It must be stressed that this sort of breach is not a common occurrence. But this is a timely reminder that the restrictions placed by Apple on its devices serve to improve their security as well as to limit your choices of third-party apps. Following the KeyRaider breach, many prospective jailbreakers will be thinking long and hard about whether it's worth the increased risk or (at the very least) paying more attention to security in future.
Oh, and in a separate but related matter, a second recent breach confirmed that jailbroken devices are easier for governmental bodies to tap into. As my colleague Glenn Fleishman puts it:
"iOS users should therefore take note that the long-running concern that jailbroken iPhones and iPads were susceptible to vulnerabilities that could include access by so-called state actors appears to be confirmed by the data breach."
What does Apple say about jailbreaking?
Apple is, as you might imagine, firmly opposed to jailbreaking. Apple frequently updates the iOS software to remove any jailbreak software from the iPhone, and is constantly updating iOS to prevent jailbreaking techniques from working.
Part of this is to protect its commercial interests. Apple runs the software store so it wants you to keep using the store. And developers spend time making software and want to get paid.
But there are other concerns: Apple wants the iPhone system to remain secure on the whole, and jailbreaking can threaten that. Apple identifies these concerns:
- Security: jailbreaking removes the security layers on your iPhone
- Instability: jailbreaking causes an iPhone to behave erratically
- Shortened battery life: jailbreaking apps and services may not run correctly which may drain your battery
- Unreliable voice and data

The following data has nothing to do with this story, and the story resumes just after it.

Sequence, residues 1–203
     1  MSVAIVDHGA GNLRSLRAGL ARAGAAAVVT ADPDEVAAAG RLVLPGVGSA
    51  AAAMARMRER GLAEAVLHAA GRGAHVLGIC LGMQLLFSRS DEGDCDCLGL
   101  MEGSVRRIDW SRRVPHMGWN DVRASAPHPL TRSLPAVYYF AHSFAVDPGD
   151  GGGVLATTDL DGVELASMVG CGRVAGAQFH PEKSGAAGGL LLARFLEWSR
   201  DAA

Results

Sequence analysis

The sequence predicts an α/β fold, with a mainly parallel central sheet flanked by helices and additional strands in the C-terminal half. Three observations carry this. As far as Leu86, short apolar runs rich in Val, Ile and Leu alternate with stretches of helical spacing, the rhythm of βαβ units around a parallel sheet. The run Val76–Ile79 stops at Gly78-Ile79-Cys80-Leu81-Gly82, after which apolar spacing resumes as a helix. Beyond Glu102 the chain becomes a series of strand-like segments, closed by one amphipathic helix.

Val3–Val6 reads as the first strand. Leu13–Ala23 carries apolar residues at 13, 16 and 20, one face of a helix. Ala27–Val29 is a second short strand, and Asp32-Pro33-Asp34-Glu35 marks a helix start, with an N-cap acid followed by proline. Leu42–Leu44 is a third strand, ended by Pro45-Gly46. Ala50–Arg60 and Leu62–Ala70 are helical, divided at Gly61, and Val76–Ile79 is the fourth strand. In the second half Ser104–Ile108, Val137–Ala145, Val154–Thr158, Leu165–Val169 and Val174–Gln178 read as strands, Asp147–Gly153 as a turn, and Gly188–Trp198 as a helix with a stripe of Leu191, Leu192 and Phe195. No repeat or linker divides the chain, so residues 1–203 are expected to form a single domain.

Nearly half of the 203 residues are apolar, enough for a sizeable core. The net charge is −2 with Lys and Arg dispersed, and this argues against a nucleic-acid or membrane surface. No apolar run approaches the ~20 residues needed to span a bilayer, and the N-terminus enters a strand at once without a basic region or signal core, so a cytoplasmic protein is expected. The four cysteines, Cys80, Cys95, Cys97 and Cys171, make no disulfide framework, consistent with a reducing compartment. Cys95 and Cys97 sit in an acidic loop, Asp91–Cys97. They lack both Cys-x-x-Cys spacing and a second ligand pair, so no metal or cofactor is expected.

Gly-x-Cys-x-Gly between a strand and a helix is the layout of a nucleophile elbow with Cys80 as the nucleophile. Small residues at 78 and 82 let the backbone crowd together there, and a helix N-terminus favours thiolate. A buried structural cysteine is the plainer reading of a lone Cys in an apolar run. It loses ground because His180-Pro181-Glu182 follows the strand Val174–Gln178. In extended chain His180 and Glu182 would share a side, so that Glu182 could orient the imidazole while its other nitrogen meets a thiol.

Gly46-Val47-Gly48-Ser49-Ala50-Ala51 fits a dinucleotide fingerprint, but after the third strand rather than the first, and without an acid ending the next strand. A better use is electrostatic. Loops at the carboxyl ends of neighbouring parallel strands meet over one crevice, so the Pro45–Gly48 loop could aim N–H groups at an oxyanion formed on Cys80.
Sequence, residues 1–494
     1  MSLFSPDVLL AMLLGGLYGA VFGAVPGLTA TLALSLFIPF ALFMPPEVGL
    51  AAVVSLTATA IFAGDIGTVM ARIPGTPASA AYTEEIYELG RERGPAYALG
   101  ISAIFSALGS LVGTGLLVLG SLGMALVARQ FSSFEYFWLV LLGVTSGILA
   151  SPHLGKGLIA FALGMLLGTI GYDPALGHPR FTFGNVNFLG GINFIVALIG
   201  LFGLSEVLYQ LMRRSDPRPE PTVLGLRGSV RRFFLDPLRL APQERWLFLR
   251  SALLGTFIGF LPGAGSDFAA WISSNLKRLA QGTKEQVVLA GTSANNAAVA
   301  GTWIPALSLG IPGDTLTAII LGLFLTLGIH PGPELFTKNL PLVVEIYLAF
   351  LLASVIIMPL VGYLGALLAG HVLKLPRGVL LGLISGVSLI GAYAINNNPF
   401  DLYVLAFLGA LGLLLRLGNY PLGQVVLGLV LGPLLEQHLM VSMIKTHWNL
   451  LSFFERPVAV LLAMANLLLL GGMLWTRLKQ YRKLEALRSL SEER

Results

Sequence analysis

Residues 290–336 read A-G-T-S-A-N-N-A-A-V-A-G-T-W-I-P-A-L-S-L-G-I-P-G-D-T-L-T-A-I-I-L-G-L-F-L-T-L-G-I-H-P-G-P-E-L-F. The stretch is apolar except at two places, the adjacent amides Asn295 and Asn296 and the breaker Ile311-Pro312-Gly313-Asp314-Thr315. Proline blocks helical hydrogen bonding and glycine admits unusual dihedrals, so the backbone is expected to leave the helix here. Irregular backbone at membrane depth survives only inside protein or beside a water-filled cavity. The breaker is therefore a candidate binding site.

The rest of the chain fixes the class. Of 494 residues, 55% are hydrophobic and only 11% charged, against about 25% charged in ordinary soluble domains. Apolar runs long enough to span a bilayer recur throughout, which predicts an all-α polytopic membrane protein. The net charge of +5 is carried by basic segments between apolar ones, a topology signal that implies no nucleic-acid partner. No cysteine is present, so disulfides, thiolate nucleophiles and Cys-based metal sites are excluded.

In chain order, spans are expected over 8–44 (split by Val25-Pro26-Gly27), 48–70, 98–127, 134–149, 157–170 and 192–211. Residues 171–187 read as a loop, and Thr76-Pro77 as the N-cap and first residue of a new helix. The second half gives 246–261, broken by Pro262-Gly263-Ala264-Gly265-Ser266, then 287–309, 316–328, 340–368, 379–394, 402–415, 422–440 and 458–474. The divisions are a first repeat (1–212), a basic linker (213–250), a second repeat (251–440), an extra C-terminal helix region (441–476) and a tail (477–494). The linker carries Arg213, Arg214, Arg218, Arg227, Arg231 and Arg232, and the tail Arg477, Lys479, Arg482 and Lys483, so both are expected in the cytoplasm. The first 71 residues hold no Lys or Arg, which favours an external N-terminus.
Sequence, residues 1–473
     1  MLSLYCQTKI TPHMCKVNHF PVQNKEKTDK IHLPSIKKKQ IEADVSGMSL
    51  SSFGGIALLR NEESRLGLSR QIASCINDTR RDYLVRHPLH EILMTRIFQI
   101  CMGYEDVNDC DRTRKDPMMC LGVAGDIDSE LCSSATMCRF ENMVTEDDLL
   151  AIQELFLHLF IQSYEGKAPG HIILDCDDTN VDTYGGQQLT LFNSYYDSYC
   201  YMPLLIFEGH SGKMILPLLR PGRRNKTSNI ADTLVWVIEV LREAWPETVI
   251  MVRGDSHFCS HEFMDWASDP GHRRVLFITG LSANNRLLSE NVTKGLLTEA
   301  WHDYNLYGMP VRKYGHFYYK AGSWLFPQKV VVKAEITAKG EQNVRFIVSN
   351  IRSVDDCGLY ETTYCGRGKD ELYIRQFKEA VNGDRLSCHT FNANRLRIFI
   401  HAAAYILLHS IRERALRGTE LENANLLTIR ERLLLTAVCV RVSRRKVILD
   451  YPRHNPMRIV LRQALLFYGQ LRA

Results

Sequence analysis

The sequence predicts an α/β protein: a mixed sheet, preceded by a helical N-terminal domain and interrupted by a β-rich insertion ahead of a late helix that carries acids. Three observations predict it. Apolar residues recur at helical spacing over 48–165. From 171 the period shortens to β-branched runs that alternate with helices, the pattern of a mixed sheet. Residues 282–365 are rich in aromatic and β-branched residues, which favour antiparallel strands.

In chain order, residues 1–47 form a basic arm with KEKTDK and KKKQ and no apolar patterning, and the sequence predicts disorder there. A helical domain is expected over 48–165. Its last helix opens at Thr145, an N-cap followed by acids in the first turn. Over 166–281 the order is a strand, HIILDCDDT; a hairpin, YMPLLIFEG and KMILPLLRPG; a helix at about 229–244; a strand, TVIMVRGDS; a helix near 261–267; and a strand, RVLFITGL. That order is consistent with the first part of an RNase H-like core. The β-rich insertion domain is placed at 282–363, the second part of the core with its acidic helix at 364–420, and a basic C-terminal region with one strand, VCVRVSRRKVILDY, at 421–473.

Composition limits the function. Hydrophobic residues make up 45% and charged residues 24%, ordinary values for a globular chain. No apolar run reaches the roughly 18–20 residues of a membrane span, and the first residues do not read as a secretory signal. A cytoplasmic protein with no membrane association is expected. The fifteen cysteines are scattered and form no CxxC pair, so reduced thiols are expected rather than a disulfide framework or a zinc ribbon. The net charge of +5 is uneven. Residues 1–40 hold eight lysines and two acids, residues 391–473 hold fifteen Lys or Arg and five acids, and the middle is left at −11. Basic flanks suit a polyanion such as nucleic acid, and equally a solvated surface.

- Disruption of services: Services such as Visual Voicemail, Weather and Stocks have been disrupted. iCloud, Exchange and Apple Push notification all suffer (according to Apple) on a jailbroken devices
- Inability to update. Because Apple frequently removes jailbroken software in its updates, many jailbroken phones do not update. This can result it you running an out-of-date phone.
How do I jailbreak an iPhone?
If you're interesting in jailbreaking and you typically install a program on Mac OS X that does it for you. There are two main options available:
Conclusion: Should you jailbreak an iPhone or iPad?
As we've hopefully spelled out above, there is plenty to be said for and against jailbreaking your iPhone or iPad. On the one hand, you'll be able to customise your device in ways you never thought possible, download far more apps, and even get ahead of the curve by enjoying features and functionality that Apple simply hasn't included in iOS yet. On the other hand, there are all kinds of - often very legitimate - reasons why you should just let your iPhone be, not least of which is the danger of another security breach.
Sign up for CIO Asia eNewsletters.